A smart combination of two 1961 albums, Hip Soul and Hip Twist, both of which featured Stanley Turrentine on sax. Hip Soul is the smokier and livelier of the pair, especially on "Stanley's Time" and the Turrentine-composed title track; the material is delivered with a taut intelligence. Hip Twist doesn't suffer much in comparison, though, and gives Scott a bit more presence, as she introduces several themes with impassioned swirls; unlike Hip Soul, it has a couple of tunes from her own pen.
Anyone who likes the B-3 Hammond organ soul-jazz style and doesn't mind a bit of pop-lounge spice occasionally stirred into the sauce should check out this compilation. It combines Pitts' first two LPs, Introducing the Fabulous Trudy Pitts and These Blues of Mine (both from 1967) on one CD. Introducing is a strong debut, divided between covers of pretty mainstream standards ("The Spanish Flea," "It Was a Very Good Year," "Matchmaker, Matchmaker") and gutsier straight soul-jazz, including four originals by Bill Carney, whose "Organology" is a highlight for its nervous, bopping edge. The languorous swells of the opening number "Steppin' in Minor" make you think you're in for a set of swank lounge-jazz, but the pace quickly picks up, and Pitts really catches fire on "Take Five," jamming a lot of notes into her improvisation without sounding self-indulgent…
Two-fer CD reissue combines two 1968 sessions, both featuring Stitt and Patterson, that were recorded on consecutive days (September 23-24, 1968), although one was issued under Patterson's name and the other under Stitt's. The first six songs were issued as the Patterson LP Funk You!, on which Patterson leads a date that also has Sonny Stitt and Charles McPherson on saxes and Pat Martino on guitar. The other players get about as much space as Patterson, and as 1960s jazz with organ goes, this is pretty straight-ahead and boppish, rather than soul-jazz (as so much organ jazz from that decade was).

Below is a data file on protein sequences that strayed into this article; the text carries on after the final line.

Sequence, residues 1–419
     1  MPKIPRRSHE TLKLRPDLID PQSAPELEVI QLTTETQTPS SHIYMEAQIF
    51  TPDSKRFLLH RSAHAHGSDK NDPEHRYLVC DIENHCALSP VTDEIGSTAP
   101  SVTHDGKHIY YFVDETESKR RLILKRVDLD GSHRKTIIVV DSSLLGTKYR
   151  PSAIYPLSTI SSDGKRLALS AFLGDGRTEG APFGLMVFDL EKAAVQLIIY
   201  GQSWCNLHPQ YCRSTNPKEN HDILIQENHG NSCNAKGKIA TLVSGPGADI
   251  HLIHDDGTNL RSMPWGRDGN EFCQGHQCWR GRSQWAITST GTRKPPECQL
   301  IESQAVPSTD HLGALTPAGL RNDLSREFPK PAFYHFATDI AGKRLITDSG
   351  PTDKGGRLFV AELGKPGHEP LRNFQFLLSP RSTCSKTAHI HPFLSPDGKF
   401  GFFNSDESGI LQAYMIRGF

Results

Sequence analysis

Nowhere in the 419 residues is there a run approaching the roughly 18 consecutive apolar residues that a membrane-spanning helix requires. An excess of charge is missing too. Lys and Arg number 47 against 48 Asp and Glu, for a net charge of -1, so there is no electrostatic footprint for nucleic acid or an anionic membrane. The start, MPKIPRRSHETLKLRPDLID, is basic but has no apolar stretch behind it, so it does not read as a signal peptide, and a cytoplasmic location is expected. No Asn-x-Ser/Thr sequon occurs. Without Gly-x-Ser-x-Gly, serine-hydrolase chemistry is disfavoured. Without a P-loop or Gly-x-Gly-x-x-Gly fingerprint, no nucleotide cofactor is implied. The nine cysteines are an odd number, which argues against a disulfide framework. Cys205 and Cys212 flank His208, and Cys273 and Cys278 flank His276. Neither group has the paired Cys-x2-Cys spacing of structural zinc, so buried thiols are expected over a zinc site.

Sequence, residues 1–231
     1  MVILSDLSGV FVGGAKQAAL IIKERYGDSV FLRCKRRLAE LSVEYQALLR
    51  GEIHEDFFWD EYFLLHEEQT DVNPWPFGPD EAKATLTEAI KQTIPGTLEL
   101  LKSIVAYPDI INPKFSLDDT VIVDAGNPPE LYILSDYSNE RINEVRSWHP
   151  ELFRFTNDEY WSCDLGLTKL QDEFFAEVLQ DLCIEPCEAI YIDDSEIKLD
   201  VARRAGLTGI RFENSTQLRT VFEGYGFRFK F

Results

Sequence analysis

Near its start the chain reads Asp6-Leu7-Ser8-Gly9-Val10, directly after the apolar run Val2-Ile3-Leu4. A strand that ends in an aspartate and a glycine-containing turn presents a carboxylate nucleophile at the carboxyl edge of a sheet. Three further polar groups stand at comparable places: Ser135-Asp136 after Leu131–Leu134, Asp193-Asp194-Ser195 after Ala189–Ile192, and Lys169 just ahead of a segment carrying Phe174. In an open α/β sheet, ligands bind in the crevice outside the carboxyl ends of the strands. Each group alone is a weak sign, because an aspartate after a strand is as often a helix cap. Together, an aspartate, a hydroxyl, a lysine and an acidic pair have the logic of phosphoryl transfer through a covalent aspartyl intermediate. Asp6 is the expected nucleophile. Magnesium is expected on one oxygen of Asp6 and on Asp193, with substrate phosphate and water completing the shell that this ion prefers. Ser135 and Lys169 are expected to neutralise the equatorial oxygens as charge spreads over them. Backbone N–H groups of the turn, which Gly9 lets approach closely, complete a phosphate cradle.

Uncle Acid and the Deadbeats' first album, Vol. 1, may not have cost much money to make, but the ideas behind it are solid gold. Working cheaply on clapped-out gear, guitarist/vocalist Kevin Starrs, bassist Kat, and drummer Red take all the dusty tropes of heavy metal, acid rock, biker rock, and doomy psych rock, knock them around mercilessly, then breath life back into them until they shine like new. It's defiantly lo-fi and unadorned by studio gloss, but it works. It doesn't matter that Starrs' grinding guitars sound ready to fizzle out half the time, the bass and drums are barely audible, and the vocals are murky when the songs are so hooky and the performances are so on point…
Finally the Punk Rockers Are Taking Acid is a compilation album by The Flaming Lips, collecting their first three studio albums (Hear It Is, Oh My Gawd!!! and Telepathic Surgery) alongside their self-titled debut EP The Flaming Lips, and previously unreleased material and demo recordings. It is the first of two releases archiving the band's Restless Records releases, and is followed by The Day They Shot a Hole in the Jesus Egg.